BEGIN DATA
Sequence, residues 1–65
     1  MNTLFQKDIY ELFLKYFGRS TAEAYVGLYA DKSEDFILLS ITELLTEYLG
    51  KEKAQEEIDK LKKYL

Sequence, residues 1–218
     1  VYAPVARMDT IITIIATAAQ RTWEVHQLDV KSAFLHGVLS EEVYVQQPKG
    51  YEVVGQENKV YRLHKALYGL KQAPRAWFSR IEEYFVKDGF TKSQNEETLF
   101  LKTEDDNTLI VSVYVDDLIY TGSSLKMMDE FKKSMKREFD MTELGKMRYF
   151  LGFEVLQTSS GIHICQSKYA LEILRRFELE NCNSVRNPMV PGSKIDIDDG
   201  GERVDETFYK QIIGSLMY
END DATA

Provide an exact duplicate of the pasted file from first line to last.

Sequence, residues 1–65
     1  MNTLFQKDIY ELFLKYFGRS TAEAYVGLYA DKSEDFILLS ITELLTEYLG
    51  KEKAQEEIDK LKKYL

Sequence, residues 1–218
     1  VYAPVARMDT IITIIATAAQ RTWEVHQLDV KSAFLHGVLS EEVYVQQPKG
    51  YEVVGQENKV YRLHKALYGL KQAPRAWFSR IEEYFVKDGF TKSQNEETLF
   101  LKTEDDNTLI VSVYVDDLIY TGSSLKMMDE FKKSMKREFD MTELGKMRYF
   151  LGFEVLQTSS GIHICQSKYA LEILRRFELE NCNSVRNPMV PGSKIDIDDG
   201  GERVDETFYK QIIGSLMY